Eddie Anderson would continue to appear as Rochester on The Jack Benny Programme through its transition to television until its end in 1965. Along with the rest of the cast of The Jack Benny Programme he provided his voice in the classic Warner Brothers short "The Mouse That Jack Built (1959)." After The Jack Benny Programme went off the air, Eddie Anderson appeared with Jack Benny in two television specials.
Even while Eddie Anderson played Rochester on The Jack Benny Programme, he continued to have a successful movie career. Of course, even in some of the films he made without Jack Benny, Eddie Anderson played the ever popular character of Rochester. He also appeared as Rochester in Star Spangled Rhythm (1942) and got to display his skill as a song and dance man with the "Sharp as a Tack" number (easily one of the highlights of the film). Finally, he appeared as Rochester in What's Buzzin', Cousin? (1943), receiving an unheard of second billing to Ann Miller.
Eddie Anderson's film career would continue unabated in the Forties, as he appeared in several films aside from those he made with Jack Benny or appeared as Rochester without Jack Benny. He had a fairly high profile role as the nameless chauffeur in Topper Returns (1941), although sadly the character had more in common with Mantan Moreland's Birmingham Brown from Monogram's "Charlie Chan" series than Rochester. In Birth of the Blues (1941) he played Louey, the manservant (not unlike Rochester) to Bing Crosby's character Jeff Lambert. Sadly, Eddie Anderson's next film, Tales of Manhattan (1942), would see him playing a somewhat stereotypical black preacher in the last segment of that film. Indeed, the film was offensive enough that Paul Robeson turned his back on Hollywood afterwards.
Aside from Little Joe Jackson in Cabin in the Sky, Eddie Anderson's most notable movie role in the Forties may have been that of Jackson the butler in Brewster's Millions (1945), the fifth adaptation of George Barr McCutcheon's novel of the same name. In this version of Brewster's Millions it is Dennis O'Keefe who plays Monty Brewster, a newly demobilised soldier who must spend a million dollars in two months if he is to inherit eight million dollars form his late uncle. As one of Monty Brewster's chief allies, the character of Jackson plays a central role in the film. What is more, he is also cut very much from the same cloth as Rochester--a black butler who is not afraid to speak his mind, even to white people. Lloyd T. Binford, chairman of Memphis, Tennessee's Board of Censors, felt that Jackson "...has much too familiar a way about him, and the picture presents too much social equality and racial mixture." As a result he barred the film from Memphis, an action which resulted in nationwide condemnation of Binford and his actions.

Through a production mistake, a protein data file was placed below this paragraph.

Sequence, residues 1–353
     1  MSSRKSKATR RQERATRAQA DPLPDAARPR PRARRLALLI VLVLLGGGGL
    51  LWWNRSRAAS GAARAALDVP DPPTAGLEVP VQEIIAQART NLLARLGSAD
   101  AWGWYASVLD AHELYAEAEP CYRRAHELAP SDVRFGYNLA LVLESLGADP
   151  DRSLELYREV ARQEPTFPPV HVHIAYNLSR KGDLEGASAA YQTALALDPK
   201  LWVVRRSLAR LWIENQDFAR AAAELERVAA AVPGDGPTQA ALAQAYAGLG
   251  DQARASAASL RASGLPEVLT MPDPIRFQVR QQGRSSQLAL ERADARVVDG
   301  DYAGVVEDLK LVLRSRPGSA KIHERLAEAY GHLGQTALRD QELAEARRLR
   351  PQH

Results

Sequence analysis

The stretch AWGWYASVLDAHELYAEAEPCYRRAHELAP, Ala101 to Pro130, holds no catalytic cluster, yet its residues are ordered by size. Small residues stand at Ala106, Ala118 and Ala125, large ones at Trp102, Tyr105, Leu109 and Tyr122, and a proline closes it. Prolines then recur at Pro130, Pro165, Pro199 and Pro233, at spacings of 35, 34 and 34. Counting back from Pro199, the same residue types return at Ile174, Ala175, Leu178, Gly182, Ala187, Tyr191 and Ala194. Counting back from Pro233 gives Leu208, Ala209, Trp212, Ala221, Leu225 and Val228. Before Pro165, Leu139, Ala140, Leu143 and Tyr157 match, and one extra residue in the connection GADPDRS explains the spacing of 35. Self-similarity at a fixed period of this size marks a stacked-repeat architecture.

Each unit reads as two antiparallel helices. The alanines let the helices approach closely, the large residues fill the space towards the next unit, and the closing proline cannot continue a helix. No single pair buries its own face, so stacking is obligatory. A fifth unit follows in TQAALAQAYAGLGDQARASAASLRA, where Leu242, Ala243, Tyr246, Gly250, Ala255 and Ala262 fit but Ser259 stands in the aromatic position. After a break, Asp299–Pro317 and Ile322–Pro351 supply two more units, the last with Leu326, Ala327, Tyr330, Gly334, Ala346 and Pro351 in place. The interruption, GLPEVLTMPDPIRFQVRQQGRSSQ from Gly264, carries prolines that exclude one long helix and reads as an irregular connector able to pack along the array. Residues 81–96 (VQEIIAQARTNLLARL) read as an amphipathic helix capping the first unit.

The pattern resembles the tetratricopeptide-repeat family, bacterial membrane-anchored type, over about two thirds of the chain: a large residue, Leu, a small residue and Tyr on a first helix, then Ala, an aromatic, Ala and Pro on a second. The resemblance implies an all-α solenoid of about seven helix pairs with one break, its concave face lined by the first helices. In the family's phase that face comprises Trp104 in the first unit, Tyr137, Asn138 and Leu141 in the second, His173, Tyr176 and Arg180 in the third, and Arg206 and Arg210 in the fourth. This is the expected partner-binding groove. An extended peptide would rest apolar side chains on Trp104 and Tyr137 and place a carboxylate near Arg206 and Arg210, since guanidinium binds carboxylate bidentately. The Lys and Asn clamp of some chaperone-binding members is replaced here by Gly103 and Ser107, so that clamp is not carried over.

Sadly, it was in 1977 that Eddie Anderson died at the age of 71 from heart failure. Not surprisingly, the headlines announcing his death referred to him as "Rochester" nearly as often as they did "Eddie Anderson."
The Thirties and Forties were not a particularly good time for African American actors. The vast majority of parts available to them tended to be either stereotypes or servants, often both in the same role. Eddie Anderson would play more than his fair share of stereotypes and servants. Indeed, it must be noted that as independent as Rochester was, in the end he was ultimately Jack Benny's valet. Ultimately, however, Eddie Anderson played roles that transcended the stereotypes of the day. Rochester on The Jack Benny Programme, Cheerful in You Can't Cheat an Honest Man, and Jackson in Brewster's Millions were all roles in which Eddie Anderson played intelligent, resourceful men who were much brighter than their employers. At a time when many African American characters in film and on radio were dim witted, lazy, or servile, Eddie Anderson was playing characters who were intelligent, resourceful, and independent.
What is perhaps more remarkable than the fact that Eddie Anderson was given the chance to play such characters is the fact that he proved enormously successful doing it. Eddie Anderson became the first African American actor to have a regular part in a radio show. He also became the highest paid African American radio star. For a time in the Forties he was the highest paid African American actor in film. With but few exceptions (such as a certain board of censors in Memphis), audiences obviously had no objections to Eddie Anderson's characters who were often brighter than their bosses and treated as intelligent individuals rather than mere servants. Eddie Anderson's success in film playing witty characters would pave the way for actors such as Sidney Poitier, Louis Gossett Jr., Paul Winfield, and many others. His success as a comedian would pave the way for such comics as Dick Gregory, Godfrey Cambridge, Bill Cosby, and many others. At a time when most black actors were playing outright stereotypes, servants, or both, Eddie Anderson was paving the way for black characters who were both intelligent and independent.